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THE FARMERS' HON.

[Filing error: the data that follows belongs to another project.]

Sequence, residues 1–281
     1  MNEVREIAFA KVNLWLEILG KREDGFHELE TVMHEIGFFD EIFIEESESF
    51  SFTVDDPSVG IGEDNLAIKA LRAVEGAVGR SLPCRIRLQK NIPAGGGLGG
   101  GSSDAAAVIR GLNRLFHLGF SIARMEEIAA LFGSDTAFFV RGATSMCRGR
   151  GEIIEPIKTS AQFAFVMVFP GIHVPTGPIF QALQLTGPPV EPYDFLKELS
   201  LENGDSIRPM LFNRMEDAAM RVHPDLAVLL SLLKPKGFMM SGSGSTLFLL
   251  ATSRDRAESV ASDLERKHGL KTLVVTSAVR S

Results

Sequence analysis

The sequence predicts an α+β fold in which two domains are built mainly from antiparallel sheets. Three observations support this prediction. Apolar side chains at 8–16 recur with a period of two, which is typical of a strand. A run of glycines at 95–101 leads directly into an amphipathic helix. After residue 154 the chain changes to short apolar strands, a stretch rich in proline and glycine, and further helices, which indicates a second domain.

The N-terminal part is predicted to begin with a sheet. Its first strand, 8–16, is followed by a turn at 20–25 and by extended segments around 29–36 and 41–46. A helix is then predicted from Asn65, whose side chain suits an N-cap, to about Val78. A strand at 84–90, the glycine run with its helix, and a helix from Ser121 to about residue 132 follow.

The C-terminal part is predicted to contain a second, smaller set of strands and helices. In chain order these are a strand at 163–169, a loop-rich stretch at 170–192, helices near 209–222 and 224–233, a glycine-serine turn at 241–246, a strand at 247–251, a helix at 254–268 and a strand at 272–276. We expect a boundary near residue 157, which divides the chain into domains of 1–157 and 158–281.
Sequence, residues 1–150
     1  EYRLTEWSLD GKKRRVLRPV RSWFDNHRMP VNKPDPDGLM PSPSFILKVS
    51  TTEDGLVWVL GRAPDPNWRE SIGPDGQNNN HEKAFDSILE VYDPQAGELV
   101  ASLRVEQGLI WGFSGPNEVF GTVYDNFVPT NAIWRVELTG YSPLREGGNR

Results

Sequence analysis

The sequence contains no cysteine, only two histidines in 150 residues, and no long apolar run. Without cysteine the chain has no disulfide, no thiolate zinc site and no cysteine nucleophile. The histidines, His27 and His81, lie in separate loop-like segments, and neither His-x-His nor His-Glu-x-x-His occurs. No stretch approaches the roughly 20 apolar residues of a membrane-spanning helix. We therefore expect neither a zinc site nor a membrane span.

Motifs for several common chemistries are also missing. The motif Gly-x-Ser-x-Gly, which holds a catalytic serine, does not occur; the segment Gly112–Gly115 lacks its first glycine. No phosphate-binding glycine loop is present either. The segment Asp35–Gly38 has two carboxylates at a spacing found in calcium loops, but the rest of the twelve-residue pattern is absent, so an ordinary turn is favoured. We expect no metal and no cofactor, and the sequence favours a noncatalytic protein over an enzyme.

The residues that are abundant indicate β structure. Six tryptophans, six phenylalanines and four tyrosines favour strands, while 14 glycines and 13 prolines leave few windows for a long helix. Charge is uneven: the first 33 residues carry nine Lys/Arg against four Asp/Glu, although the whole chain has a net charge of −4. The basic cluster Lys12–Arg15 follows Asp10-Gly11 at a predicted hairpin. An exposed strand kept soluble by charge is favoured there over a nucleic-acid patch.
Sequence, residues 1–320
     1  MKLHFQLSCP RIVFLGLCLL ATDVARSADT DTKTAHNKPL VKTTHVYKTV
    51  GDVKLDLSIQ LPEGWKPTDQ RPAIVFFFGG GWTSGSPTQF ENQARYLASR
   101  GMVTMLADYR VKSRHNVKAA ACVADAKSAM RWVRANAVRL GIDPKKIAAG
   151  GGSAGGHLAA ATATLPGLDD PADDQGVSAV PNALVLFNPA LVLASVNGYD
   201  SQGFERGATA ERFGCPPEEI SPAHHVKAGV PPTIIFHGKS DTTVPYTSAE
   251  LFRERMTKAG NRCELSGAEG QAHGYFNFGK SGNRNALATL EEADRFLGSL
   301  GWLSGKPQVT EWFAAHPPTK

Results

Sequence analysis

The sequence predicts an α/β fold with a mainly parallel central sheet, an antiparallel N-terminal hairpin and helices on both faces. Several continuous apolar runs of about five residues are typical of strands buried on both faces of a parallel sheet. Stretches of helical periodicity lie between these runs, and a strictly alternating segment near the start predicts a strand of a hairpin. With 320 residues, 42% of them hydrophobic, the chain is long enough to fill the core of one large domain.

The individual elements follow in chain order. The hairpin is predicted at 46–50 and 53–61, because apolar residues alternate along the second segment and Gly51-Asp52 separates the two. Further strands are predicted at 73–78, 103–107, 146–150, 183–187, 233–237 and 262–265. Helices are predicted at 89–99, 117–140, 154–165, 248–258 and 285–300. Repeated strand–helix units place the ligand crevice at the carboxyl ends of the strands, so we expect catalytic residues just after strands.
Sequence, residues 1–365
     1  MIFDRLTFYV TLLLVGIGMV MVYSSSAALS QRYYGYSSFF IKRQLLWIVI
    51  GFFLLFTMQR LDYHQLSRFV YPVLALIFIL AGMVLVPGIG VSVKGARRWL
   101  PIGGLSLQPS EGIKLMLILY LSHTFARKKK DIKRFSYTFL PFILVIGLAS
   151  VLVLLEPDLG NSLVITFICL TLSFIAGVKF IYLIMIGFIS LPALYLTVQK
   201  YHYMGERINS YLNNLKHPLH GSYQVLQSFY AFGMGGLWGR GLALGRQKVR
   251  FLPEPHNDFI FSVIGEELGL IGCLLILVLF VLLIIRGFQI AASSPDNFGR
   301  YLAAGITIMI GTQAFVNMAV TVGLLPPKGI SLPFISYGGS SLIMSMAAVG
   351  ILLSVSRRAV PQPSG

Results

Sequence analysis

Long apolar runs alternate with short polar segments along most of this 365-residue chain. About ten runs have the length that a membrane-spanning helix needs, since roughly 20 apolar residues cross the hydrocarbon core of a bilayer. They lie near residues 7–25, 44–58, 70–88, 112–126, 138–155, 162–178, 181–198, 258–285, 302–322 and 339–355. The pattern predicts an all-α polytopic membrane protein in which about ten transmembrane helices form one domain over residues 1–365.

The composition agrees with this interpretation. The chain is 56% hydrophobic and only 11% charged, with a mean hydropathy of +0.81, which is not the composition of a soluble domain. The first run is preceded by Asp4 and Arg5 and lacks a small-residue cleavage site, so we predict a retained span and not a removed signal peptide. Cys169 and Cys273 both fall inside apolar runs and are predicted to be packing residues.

Volume IV. MEMPHIS, MISSOURI, THURSDAY, iUJCJUSO 30, 180. Number 32. M. Humphrey's Green Front. 10,000 Men, BoysandChildren to call at my Store and examine my Mammoth Stock OP1- Clothing 5 winch 1 have just received, and which has been pur chased under ji prospect of a low tariff and bought the 20vxi9 away DOWN, the equal has never been known in Northeast Missouri. 1 am prepared to sell you GOOD GOODS, Kven below your own ex pectation. Those Caps, Boots, Shoes, Neckwear, Furnishing Goods, AS WELL AS MY lothing Stock, Are all Fresh, New Goods, aud purchased under the re vent decline in the eastern market, and, positively, will lie closed out to make room for another stock, which 1 expect to buy in the near future, even lower than ever if possible. Call early and see me if you wish to Save Money Remember, Old and Young Ladies' Shoes and Slippers a specialty. 1 am yours as ever. M. Humphry, Green Front, "North Side, Memphis, Mo. MORI GAGE INDEBTEDNESS. Tabulation of the real estate mort gage statistics collected by the Census Office for the whole United States dur ing the last decade is now completed andean extra bulletin has just been is sued by Carroll D. Wright, superinten dent of the census, comprising fifteen tables, which gives the chief results of the investigation. The first table points out (juite clearly one of the principal reasons for the lihard times ' from which the country is now suffering. It exhibits the real estate mortgage movement in the various States and Territories, with a summary for the United States during the ten years 1880-188'J. Dur ing that time 9,517,757 real estate mortgages, stating amount of debt incurred, were made in the United States, representing an incurred indebtedness of $12,094,877,793. The number increased from 643.143 in 1880 to 1,220,323 iu 1889 or 90.08 per cent, and the yearly incurred in debtedness increasid from $710,888, 504 in 1880 to $l,75t,503,274 in 1889 or 145,53 per cent. With regard to mortgages on acre tracts, the number made during the ten years was 4,747,078, representing an incurred indebtedness of $4,890, 771, 112. The number of these mort gages made in 1880 was 370,984; iu 1889,525,094, an increase of 42.54 percent; white the incurred indebted ness increased from $342,500,477 in 1880 to $585,729,719 in 1889, an in crease of 70.98 per cent. The increase wa relatively larger in the case of mortgages on lots. They numbered 4,770,009 during the last ten years, and the iudedtedoess incurred under them amounted to $7,198,100,081. From 1880 to 1889 the annual number made increased from 272,150 to 70 1,229, an increase of 157 05 per cent. J hiring this e;ime time the amount of annual indebted ness incurred increased from $308, 322,027 to $1,IC0,83S,555, an increase of 210.80 per cent. During the deeada 022,855,091 acres were covered by 4,758,208 mort gages stating and not stating the amount of indebtnessed incured under them; the number of acres covered j by mortgage in 1880 was 41,743,013; iu j !, u,4i.zn7 in increase or 05.30 per cent. Jn ca of Io(s covered by mod gage the increase from 1880 to 1889 was 198.25 per cent, the number cov ered by mortgages stating and not stating amount of indebtedness ia the former year being ! 29,955; iu the lat ter year, 1.282,334. MOXTGAGE INDEBTEDNESS OK XIX BIT I.IONS. At the end of the decade, January I, 1890, the real estate mortgage in debtedness amounted to $0,019,073, 985, represented by 4,777,098 mort- j gages. These mortgages are divided ! into two classes, as follows; mortgag- j I es ou acres, 2,303,143,031; mortgages j (iii lots, 2,484,037, amount of indent- edness. $3,810,531,554. Number of i acres covered by existinn mortgages. I 273,352, 1 09 ; number of lots, 4. 1 0 1 , 138. It is computed that the average j life of a mortgage in the United ! State is 4,000 years; of a mortgage ! on lots, 4.740 years. The longer life I in the ease of both classes of inort i irages is fouud iu New Knglaud. New York and New Jersey; the short er life in the South aud the newly settled regions west of the Mississippi River. Since mortgages in force were made 12.08 per cent of the original amount of indebtedness incurred un der them has been extinguished by partial payments; in the ease of mort gages on acres, 1J.07 per cent: on lots, 13.25 per cent Tim percentage of partial payments is highest in the m . a a a ?wlv outn ana lowest m tne more ne settled regions. Subject to all difficulties that be-: In the South tUeold parties are sup set any attempt to determine such a ! pressing tuePopulist revolt by fraudu porpoi tion, it appears that the real lent counting of votes. In the North estate mortgage indebtedness iu force they break up Populist meetings and iu the I'uited States is lti t7 per cent I conventions. Nonconformist. of the true value of all taxed real estate and untaxed mines. The mortgage debt in force per capita in the United States is $96; the three larger State averages (omit ting the District of Columbia) are $268 in New York, $206 in Colorado, and $800 in California. The smaller ones are found in the South and the Rocky mountain region. In the Dis trict of Columbia It is $226. In forty-one States 28.86 per cent, the taxed acres are covered by mort gages in force. The largest propor tion of mortgaged acres is in Kansas, where 60.30 per cent, of the total number of taxed acres are mortgaged. Nebraska stands next with 54 73 per cent; South Dakota third, with 51.70 per cent. In the five States, Illinois, Kansas, Missouri, Nebraska and South Carolina, 23.99 per cent, of the taxed lots are covered by mortgages in force. The average amount of Uuut in force against acres to each mortgaged acre in the United States is 8.08; of debt in force against lots to each mortgaged lot, $916; there 119 acres covered by each mortgage in force against acre lots. AVERAGE RATE OF INTEREST OVfctt t) PER CENT. The average rate for all mortgages The average rate for all mortgages in the United States is 6.60 per cent; for mortgages on tuts. 7-30 per cent. These rates make the annual interest charge on the existing real eitttte mortgage debt of the United States amount to $397,442,792; on the debt in force against acies, $J02, 052,944; on lots, $237,789,848. On each mortgage iu force in the United States the average annual in terest charge is $83; on each mort gage ia fovea against seres, 71; on each mortgage in force against lots 95. Six and threc-hundredths per cent of the number of tuoitgages made during the ten years were for amounts of less tua Mj each, while 45.17 per cent of the entire numbo were for amounts of less than $500. 08.54 per cent of the entire number for amounts of less than $1,000, 27.41 per ppnt of the entire number for for amciiuU of fOOJ and under $5,000 each, and 4.0& pe cent of the entire number were for amounts of $4,000 and over. Of the real estate mo: tgage indebt edness incurred in the United States during tits decade, 41.89 per cent was subject to a 0 per ssut ato Qf in terest; 10.06 per cent of the debt in- curre,i was gubject to rates less than 0 per cent; 42.05 per cent of the debt in currud was subject to rates great er than 0 per cent, and J4.41 pet cent of the debt incurred was subject to rates greater than H per cent. The average rate of interest on real estate mortgages declined from 7.14 per cent in 1880 to 0.75 per cent m I889 witu some interruptions to the continuity of the decline in the tMe. The average rate of in terest ou mortgage ou aere deulined from 7 Per cent in 1880 to 7.52 Per cent in 1S89, and on lots from 0.09 per cent in 180 to 0.37 per cent in 1889. A tinaj table shows the objects for which real estate mortgages are made. These were ascertained by personal ! inquiry in 102 counties iu various I parts Df the Union, and in these coun- ties it was discovered that 80.13 per cent of the number of mortgages, re presenting 2-50 per cent of the ori ginal amount of mortgages in force, were made to secure purchase money aud to make improvements when cot combined with other objects, aud that 89.82 per cent of the nuinlier of mortgages, representing 94.38 per ceut of the original amount of exist ing indebtedness, were made to se- cure purchase money, to make im- proreinents. to invest into business, ! anJ to b4iy tlie wore c1lirul)!e ?inds of personal property. Oiiy Olney, attorney general of the Uoited States, says the states have no rights that the national govern ment is bound to respect, mat was demonstrated iu Sacramento on the 16th, when a company of United States soldiers marched in to a dis dnct court room and endeavored to take three prisoners out of the court, who were then being tried for "delay ing mails. The soldeirs did not take the men, however, because the spectators defended the prisoners and the court against the national mob. What is this country coming to, or what has it come to? Indus trial Educator, Fort Worth, Texas. The democrats who said "we want a chance and then if the party does not give relief we are going to leave it," can now be found saying that their majority is republicanized, that they are not true democrats. We told you long ago that there was no difference between the two parties and you have just discovered that it iz Uuo. Don't you think the same kind of republi canized democrats will be elected iu the future? We do. Kven for con gress in this district you have a can didate who says he is in favor of a "parity" and wants England's oonsent to coin silver. Pittstlekl, III., Advo cate. One of the beauties of the tariff leg- islation just passed is the discrimi nation made bv the "reformers."' a w- While the rich are to enjoy the privi leges seemed in their behalf, the mas ses who are the large consumersof ne cessities are to be compelled to pay in increase price for the carpets they will buy in the future. With an ee single to tne inteiests of the "deal people," the duty on carpets has been increased 12 to 15 uer cent. 1 . In consequence, a risu in the carpet market may be anticipated in a few days. Dayton, O., Seutinel. The republicans held power for thirty years, ran the country in the ground and were kioked out for incom petence aud corruption. The demo crats were full power and completed the ruin by following in the footsteps of their predecessors. The absolute necessity of a new deal and a new party is. too plain for argument. Un less the piratical erew is thrown ever board and honest sailors given charge, the Ship of State will get completely wrecked on the breakers of Cape? Trust. Nonconformist. nn-i So long as the management of the Republican party remains in the hands of the present leadership there is no hope for the people for that form of government inaugurated b the raaityr, Lincoln, An era of cor poration set in upon the announce ment of his going out. The Republi can tendrils which reach out into all parts of the country, a band of men who are running politics for what there is iu it. Patriotism is no mo tive to actuate them on. Dayton, O., Sentinel m ii'" -i i " JB jfr1 m ii i 1 1 m 1 1 in i Observe that the northern republi can press is pleased with the defeat of Populists in Alabama and Tennessee and the Southern democratic papers are delighted wheu Populism meets a reverse in tne .ortli. jhese old W18 bate Populism so badlv that they forget to hate each other. It is Populism against the field. Noncon formist The Jvansas state treasury shows a cash balance of $893,430.18. It would be well for the people of Ohio to have a Populist state government for a few years. Heretofore, our balances have been on the wrong side CP of the ledger. Cleveland O.. Forum. J When you can not meet truth aud j logic with any sensible objection, just yell "anarchy and tramp and bloodv i revolution "ani voq will be aoooqnted wise(?) in the estimation of those of the same stamp as yourself. PiU field, 111., Advocate. Every time we make a millionaire we make 10,000 industrial slaves to support him Iowa Populist Memphis College, No Better School in the Land -FOR. Short Practical Courses of Stud Twelve Departments: Preparatory, Normal, xdoouuon, commercial, Actual Business Practice, Penmanship. Stenography, Typewriting, Pen Art and Con servatory of Music. Opens Sept. $10 00 in advance pays tuition for one f 30.00 in advance pays tuition for one rcrsic TTTrricosr. All lessons nrivale extent I In rmnnr , , iiiijin; VB3U1I . OlIA i- u.i.li ir.tr - v .u u v.vii, tcu wccitn. 1 wo lessons ech week, ten weeks. BOiLRD FOR The people of Memphis have kindlv opened their homes to the students of .Memphis College and will accommodate them with the best of rooms nicely and neatly furnished, and board at the exceeding low prise of $ 50 jer week. rui particulars ami catalogue, address, J. W. BENCE, M. S., A. M., Pres., Mm HK PALPITATION OF THE HEART. 5hortness of Breath. Swell ing of Legs and Feet. "For about four years I wan trou bled with palpitation of the heart, snortness or breath and swelling of the legs and feet At times 1 would faint. I was treated by the best phy sioians in Savannah, Ga., with no re lief. I then tried various Springs, without benefit. Finally I tried Dr. Miles' Heart Cure WwM continued taking them and I am now In better health than for many years. Since my recovery I have gained fifty pounds in weipht. I hope this state- ment may be of value to some poor sufferer." E. B. SUTTON, Ways Station. Ga. Dr. Miles' Heart Cure is sold on a nositir. guarantee that the first bottle will benefit. ! All druKglst sell it at SI, 6 bottles for IS. or it will be sent, prepaid, on receipt of nrica by the Dr. Miles Mwlj.-al Oo., Elkhart. W pcocEu so mm WlthallbadeonMqaeccea.ltrBBSvary.lOMOf eEMjry. nrrvom ex item, t, i ervuut debility. BBEt ural diachaigN Ivttmaohood, dnpoadcaey, antt 9 ft tommy, wtrning wvoltb organ. cvrU.nl ma jpid'y cored fcy jfo and ea-y method . Cam pofil; ,wu teed, y uet .on If .auk and Book frw. Call or wrtta DR. WARD INSTITUTE. 120 N. Ninth St. ST. J0U1S. HO BDPTDBl cub: T Una all rari ties of Rupture enables us to fuarantee a poflUTe cure. Question UlAoS ana look tree. QUarwTlte, OS me street. cos OLIC IN HORSES. GUARANTCKD. k on hand. U aaay mwt tho Ufa of i valuable animal On paekaga vtl cure eight to ten aaaii. Mas SMS Seal by mat o- eipraai, Oar Ac cwaot Book, w nt Itouk. w ich cMtalnakiatat. bie kreprra, malkd nam. ota Die B. The Old Reliable Established 38 rear. married or single. In GUARANTEED. Board end furnished whan desired. Qt and Book free. Can or write. Pianosw,ifcSSsOrgaDs: DR. DOI mw mm IS v, Scientific, Literature, 11th, 184. term of 10 weeks, except year of 40 weeks. ttlUSle, g" ----- mmmmm . . ' i p.. ' .... IS uw STT73DE3STTS. Memphis, Mo. FARMERS' EXCHANGE :b2t:k: CP Memphis, - Missouri. o H. G. PITKIN. Pro-ldeat. A. H. PITJCIN. Caalilt r. Paid op Capital, $25,000, H. O. PlTKIW. " A. SlMOIf . A. H. Pituw, Wm. UmtMTi, J. 8. PlTSIW, " Directors. o Does a genera! bankinjr business Buy jf.MHl negotiable mmer' Special attentkm slrVtaSuMHiMa rur-v .un,MK AND WMcST ' jy Northeaat Corner Poblto Bquar. jameTe. pulliam, Blacksmith, SHOEING AND REPAIR SHOP. 'RPllri Satly ail ProiDtiy One j T ,k . ,. 1 n,ake a PeHv of 1 "tt.. ! -"-ORSESHOIN Q"- ! I c, ... . j ou"P ooumeasi Lor. Square, old erk Ill's Stand. Memtihie Mr. J. M. Kloetzer, MEMPHIS, MO., First Door west of the Citiaun s Bni.k building, invites the pahl e to t ail on him when wanting to buy HARNESS, SADDLES, Halters, Bridles, Whips, &c. The stock is new and the fowett possible price asked for good good. The country trade especially solicited. femaJTWlls. sUi bv Brown & I,,W9on- Mnp-i e.! fiilpeaat.ee. TrtataaaM aaaaaenaW. Cue Ter u low. am. WANTED. jaw wiaanrwrnn. wmmm